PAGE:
In handling a service request to which a response is required, having sent the request to the (or each) provider, the broking system may await a response from the provider and upon receipt of a response (and potentially based on the response) provides a response to the requester.

The broking system preferably determines which provider or providers can handle the request depending upon the service that is being requested, the identity of the requester, and the business rules associated with the delivery of the requested service to the requester. Therefore, the service request need only identify the service that is required by the requester; the appropriate provider or providers can be identified by the broking system.

From a third aspect, this invention provides a business service broker system operative in a computer system, comprising: a data store, that contains service descriptions and a configuration repository that relates these to service requestor and service provider functionality; and a computer device for processing service requests from at least one service requester, comprising: a hub for communication protocol handling to the service requestor and to at least one service provider; a service brokering object that receives a service request from a service requestor and extracts data from the data store relevant to the service request based on the service requestor functionality and packages a response to the service request for communication to the service requester, the service request independent of the service requester providing an identification of the service provider of the requested service; a broker management object interacts with the data store to select a service provider based on service provider functionality and packages the service request for communication to the selected service provider and receives a response from the service provider; an administration object that provides the control management of the business service broker system; a requestor gateway object that communicates with requesters; and a provider gateway object that communicates with the providers.

Embodiments of the invention address enterprise-wide system requirements for business service integration by allowing applications to communicate at a business level. This enables underlying technical language to reflect business logic in service form. These business services may be integrated within and across an enterprise's applications and the integration approach at the business process level makes it easier to rapidly create and deploy new applications and services.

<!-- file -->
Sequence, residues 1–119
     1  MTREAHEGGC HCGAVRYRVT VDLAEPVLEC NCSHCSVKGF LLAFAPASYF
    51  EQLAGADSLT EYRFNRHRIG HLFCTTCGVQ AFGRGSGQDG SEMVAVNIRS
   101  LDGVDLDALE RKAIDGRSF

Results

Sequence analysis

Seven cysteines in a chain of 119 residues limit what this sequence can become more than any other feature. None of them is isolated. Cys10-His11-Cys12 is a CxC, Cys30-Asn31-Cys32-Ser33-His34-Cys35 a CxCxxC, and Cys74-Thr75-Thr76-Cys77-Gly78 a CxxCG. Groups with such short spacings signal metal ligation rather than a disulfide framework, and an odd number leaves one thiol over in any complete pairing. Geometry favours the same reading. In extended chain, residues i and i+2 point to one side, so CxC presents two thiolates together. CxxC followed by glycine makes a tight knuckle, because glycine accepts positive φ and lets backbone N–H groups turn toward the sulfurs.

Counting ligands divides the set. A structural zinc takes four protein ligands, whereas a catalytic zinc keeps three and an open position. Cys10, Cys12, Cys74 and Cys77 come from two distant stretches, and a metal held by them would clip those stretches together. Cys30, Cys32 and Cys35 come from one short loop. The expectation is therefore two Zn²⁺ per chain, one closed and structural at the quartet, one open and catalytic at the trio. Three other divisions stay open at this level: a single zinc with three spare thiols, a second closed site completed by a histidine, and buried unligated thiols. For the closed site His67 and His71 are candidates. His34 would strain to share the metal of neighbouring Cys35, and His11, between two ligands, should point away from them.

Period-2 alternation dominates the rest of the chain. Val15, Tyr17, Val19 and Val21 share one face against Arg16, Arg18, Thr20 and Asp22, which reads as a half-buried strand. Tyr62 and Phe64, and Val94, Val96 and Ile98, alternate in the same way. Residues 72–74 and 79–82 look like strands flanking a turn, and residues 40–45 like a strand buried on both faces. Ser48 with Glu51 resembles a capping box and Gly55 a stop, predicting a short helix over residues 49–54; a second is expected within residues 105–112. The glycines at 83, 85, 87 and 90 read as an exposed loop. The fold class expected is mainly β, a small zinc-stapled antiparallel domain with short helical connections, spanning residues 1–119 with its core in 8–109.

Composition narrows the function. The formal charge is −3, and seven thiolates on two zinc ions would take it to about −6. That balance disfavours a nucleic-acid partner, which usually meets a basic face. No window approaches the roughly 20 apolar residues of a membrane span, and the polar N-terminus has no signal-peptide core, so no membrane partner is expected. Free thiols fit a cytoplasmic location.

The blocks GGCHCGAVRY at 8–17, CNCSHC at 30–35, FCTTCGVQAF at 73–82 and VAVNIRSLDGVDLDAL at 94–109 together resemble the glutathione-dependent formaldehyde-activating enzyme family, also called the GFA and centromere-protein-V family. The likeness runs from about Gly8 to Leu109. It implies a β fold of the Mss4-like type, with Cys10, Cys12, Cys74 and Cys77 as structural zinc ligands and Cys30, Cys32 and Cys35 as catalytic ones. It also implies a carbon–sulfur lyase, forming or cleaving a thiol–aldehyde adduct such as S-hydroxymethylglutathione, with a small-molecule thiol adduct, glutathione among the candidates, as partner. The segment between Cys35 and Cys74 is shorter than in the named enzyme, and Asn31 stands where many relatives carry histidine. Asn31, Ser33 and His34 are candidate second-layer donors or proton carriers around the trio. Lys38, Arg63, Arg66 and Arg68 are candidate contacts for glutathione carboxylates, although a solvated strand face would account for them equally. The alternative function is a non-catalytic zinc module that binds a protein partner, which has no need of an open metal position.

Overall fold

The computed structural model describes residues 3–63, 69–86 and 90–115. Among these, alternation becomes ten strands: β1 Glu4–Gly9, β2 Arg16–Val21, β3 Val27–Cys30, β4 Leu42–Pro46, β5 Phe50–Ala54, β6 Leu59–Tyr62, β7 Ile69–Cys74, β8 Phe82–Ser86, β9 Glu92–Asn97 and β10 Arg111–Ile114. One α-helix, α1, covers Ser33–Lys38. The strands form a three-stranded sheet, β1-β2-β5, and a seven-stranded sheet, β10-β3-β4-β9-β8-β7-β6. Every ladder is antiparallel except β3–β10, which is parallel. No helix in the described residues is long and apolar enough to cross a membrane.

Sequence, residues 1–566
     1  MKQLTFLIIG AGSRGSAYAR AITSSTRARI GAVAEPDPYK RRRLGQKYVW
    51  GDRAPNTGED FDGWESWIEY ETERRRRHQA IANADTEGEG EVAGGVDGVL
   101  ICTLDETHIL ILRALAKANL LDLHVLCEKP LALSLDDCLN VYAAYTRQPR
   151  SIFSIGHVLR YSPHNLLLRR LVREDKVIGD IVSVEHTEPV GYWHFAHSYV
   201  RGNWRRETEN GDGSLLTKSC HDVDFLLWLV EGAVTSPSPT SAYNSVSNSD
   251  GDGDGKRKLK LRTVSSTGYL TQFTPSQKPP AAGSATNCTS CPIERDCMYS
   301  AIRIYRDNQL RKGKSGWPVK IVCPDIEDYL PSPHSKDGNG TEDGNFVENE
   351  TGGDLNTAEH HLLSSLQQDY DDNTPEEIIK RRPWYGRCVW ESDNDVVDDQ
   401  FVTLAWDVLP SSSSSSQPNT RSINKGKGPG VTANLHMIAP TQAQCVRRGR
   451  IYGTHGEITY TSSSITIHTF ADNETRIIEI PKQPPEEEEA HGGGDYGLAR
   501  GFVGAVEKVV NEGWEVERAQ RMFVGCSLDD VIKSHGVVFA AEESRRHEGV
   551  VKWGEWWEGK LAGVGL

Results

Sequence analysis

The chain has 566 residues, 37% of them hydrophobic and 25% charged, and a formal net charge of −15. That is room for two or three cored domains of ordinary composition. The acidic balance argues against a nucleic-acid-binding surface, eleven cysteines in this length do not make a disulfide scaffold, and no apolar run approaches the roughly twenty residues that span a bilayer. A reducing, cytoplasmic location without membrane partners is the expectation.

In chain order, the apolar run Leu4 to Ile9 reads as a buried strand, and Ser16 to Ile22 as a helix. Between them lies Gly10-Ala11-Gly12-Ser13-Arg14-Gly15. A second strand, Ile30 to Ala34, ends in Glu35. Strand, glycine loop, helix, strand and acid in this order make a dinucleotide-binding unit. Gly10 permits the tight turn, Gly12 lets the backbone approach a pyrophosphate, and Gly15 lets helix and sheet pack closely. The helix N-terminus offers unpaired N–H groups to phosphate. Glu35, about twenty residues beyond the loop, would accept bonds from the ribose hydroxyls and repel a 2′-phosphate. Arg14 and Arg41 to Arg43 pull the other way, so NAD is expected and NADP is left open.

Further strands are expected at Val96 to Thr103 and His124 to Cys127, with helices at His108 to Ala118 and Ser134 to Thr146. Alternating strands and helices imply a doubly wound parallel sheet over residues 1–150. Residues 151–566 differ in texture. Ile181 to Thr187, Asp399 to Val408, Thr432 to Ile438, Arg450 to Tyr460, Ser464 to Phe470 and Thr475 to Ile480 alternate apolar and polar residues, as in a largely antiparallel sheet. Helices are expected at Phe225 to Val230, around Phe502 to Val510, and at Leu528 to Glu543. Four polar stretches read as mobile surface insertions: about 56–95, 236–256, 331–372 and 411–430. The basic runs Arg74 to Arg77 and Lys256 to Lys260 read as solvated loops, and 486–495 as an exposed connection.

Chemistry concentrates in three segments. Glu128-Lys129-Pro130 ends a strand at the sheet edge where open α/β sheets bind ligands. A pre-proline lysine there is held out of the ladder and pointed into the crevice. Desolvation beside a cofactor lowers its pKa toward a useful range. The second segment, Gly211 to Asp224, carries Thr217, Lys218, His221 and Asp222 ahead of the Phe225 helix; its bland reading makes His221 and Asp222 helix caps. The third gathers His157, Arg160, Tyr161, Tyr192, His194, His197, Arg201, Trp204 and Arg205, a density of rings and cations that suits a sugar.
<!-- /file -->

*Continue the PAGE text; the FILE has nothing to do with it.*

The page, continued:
BRIEF DESCRIPTION OF THE DRAWINGS

In the drawings:

FIG. 1 is a schematic illustration of a computer system suitable for use with the present invention;

FIG. 2 is a schematic illustration of the preferred embodiment of the computer systems of FIG. 1;

FIG. 3 is a schematic illustration of the preferred embodiment of the business service broker of FIG. 1 and FIG. 2; and

FIG. 4 is a schematic illustration of a preferred process made according to the present invention for brokering business services between the service provider and the service requester.

DESCRIPTION OF THE EMBODIMENTS OF THE INVENTION

Embodiments of the invention will now be described in detail, by way of example, and with reference to the accompanying drawings.

As will be understood hereafter, the preferred embodiments of the present invention relate to processes and apparatus for passing instructions and/or requests from one computer application to another in the form of a business service request, substantially removing any requirements for the participating requestor and provider to have programming or operating technologies, communications protocols, programming languages, computer or application platform, information relating to the location of each application, or storage and retrieval mechanisms, in common.

A small sample of the types of business service request that may be handled by a broker embodying the invention include:

    • Getting a stock quote—a service that returns the current price of a given stock.
    • Current package location—a service that returns the geographical location of a package being handled by a courier.
    • Convert currency—a service that performs currency conversions using company rates.
    • Get vacancy—a service that returns the nearest hotel that has a vacancy.

FIG. 1 illustrates an exemplary computer installation that includes a network within which an embodiment can be implemented. A first computer 11 is provided in the form of a service requestor, a second computer 12 is provided in the form of a service broker, and a third computer 13 is provided in the form of a service provider. These computers are interconnected by a network 10, which can be provided as a single physical network. Alternatively, the network 10 may be implemented as separate physical networks where a first network connects the service requester 11 with the business service broker 12 and a second network connects the business service broker 12 with the service provider 13. As will be apparent, there are many types and configurations of network that are suitable for use in embodiments of the invention.